The 40 Year Old Suit
October 22, 2015
It was on summer vacation when I saw something wrapped with yellow silk in the drawer at my grandparents’. My grandfather was getting ready to go out, opening the drawer to take something out.
“Grandpa, what is this?” I asked curiously.
“It is a suit. It belongs to your uncle, Kiun,” he answered reluctantly. (None of my uncles were named Kiun!)
And he took the dark blue suit out, and let me touch it. It was the nicest suit that I had seen at the age of 10.
“Why are you keeping it? Why didn’t you give it to the uncle?” I asked back.
“I wish,” he said with a sigh.
He seemed to be lost in deep thought. Then, he started to explain who Kiun was. I was too young to understand what he was telling me about at that time. Yet, I felt surely that he was bringing out something significant and tragic, which made him suffer in his life.
My grandfather was born in a wealthy family in Sinuiju, North Korea. He was an intelligent (he graduated from a university in those days) and successful businessman who had a dedicated wife and six children. However, he didn’t get along with communism in North Korea because the government took away much of his property. He decided to move to Seoul, South Korea in the early spring of 1950. But, his parents were not healthy enough to travel to Seoul together. Besides, he had no place to live in and no jobs for a living in Seoul at that time. So, he took his wife and only five kids to Seoul. He planned to come back and bring his eldest son and his parents to Seoul as soon as he settled down.
“Dad, come back quickly!” That was all the 11-year-old boy asked his father who was about to leave.
“I will, Son! It won’t be long. Be good, and take care of your grandparents!” My grandfather tried to reassure his son—nobody, however, predicted it would be the last dialogue between my grandfather and his son.
A few months later, the Korean War broke out on June 25, 1950. My grandfather’s family had to flee from Seoul while his son and his parents were still waiting for him in North Korea. It took three years for North and South Korea to cease fire. Consequently, the Korea was clearly divided along the 38 parallel; North and South Korea have been separated ever since. No one has been allowed to travel to the other side. No one.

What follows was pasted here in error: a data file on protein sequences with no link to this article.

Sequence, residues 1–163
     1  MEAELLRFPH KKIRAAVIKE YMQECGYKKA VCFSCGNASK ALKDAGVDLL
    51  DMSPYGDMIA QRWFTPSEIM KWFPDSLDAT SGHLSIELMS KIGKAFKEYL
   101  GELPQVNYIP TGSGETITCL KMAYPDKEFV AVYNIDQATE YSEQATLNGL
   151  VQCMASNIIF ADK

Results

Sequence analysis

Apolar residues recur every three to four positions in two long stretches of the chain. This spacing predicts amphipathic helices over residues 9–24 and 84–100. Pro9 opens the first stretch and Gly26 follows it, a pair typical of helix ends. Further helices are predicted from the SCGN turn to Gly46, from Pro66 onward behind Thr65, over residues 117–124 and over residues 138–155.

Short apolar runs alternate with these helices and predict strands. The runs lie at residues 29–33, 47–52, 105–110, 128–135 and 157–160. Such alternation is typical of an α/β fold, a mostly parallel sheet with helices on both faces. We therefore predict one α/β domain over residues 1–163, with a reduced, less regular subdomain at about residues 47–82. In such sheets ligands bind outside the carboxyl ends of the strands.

My grandfather was sweet, kind and patient. But, obviously he was in a lot of pain and guilt. He waited for the time to meet his eldest son again, and pay back the love that he couldn’t give his son as a father for more than forty years. He never gave up the hope that his son could come, and open the door some day, calling “Dad!” For that day, he prepared a nice suit for his son, and kept it in a drawer, wrapping it with yellow silk—that was what I saw!
It was a beautiful day in May when I visited my grandparents in my 20s. I always liked spending time in my grandparents’ garden, picking peaches and apricots because my grandfather had the green thumb: he grew many flowers, vegetables and fruits beautifully. That year, however, the garden was not as neat as before. My grandfather was too old to take care of it.
I was washing the dishes after dinner when my grandfather approached me with a lovely smile. He was holding a rose picked from his garden (though he had trouble walking).
“This is for you,” he said. “I love you, and thank you for the dinner that you prepared for me today.” He stroked my cheeks with his thick and rough palm, but it was the sweetest moment I had ever had.
I couldn’t even say, “I love you, too. Grandpa!” I remained speechless.
The following year, he died--in 1996. He knew he couldn’t make it to see his son in this world. So, he left all his property and the suit in his will to his eldest son who he had lost contact with for more than 40 years, although nobody knew whether his son was still alive. However, that was all my grandfather could do for him.
Now, my mother has been keeping “the 40 year old suit” in the top drawer, instead of the bottom, showing her respect for her big brother since my grandfather died. It became old and faded.
I heard about my uncle, Kiun, more from my mother later. Actually, my grandfather asked the youngest son to wait and take care of his parents at that time, but the youngest son started to cry, and refused it. And then, his eldest son voluntarily suggested that he would stay and take care of his grandparents, instead of his younger brother. My uncle’s good heart kept him apart from his family (forever).
I really appreciate that I had a wonderful grandfather. Thanks to him, I learn what missing and waiting for loved ones means. He also taught me how to show love to someone. I say to my grandfather, “Don’t worry, Grandfather! Now, my mother and I are waiting for your son, Kiun. The house and the suit you left will return to the rightful owner sometime soon.”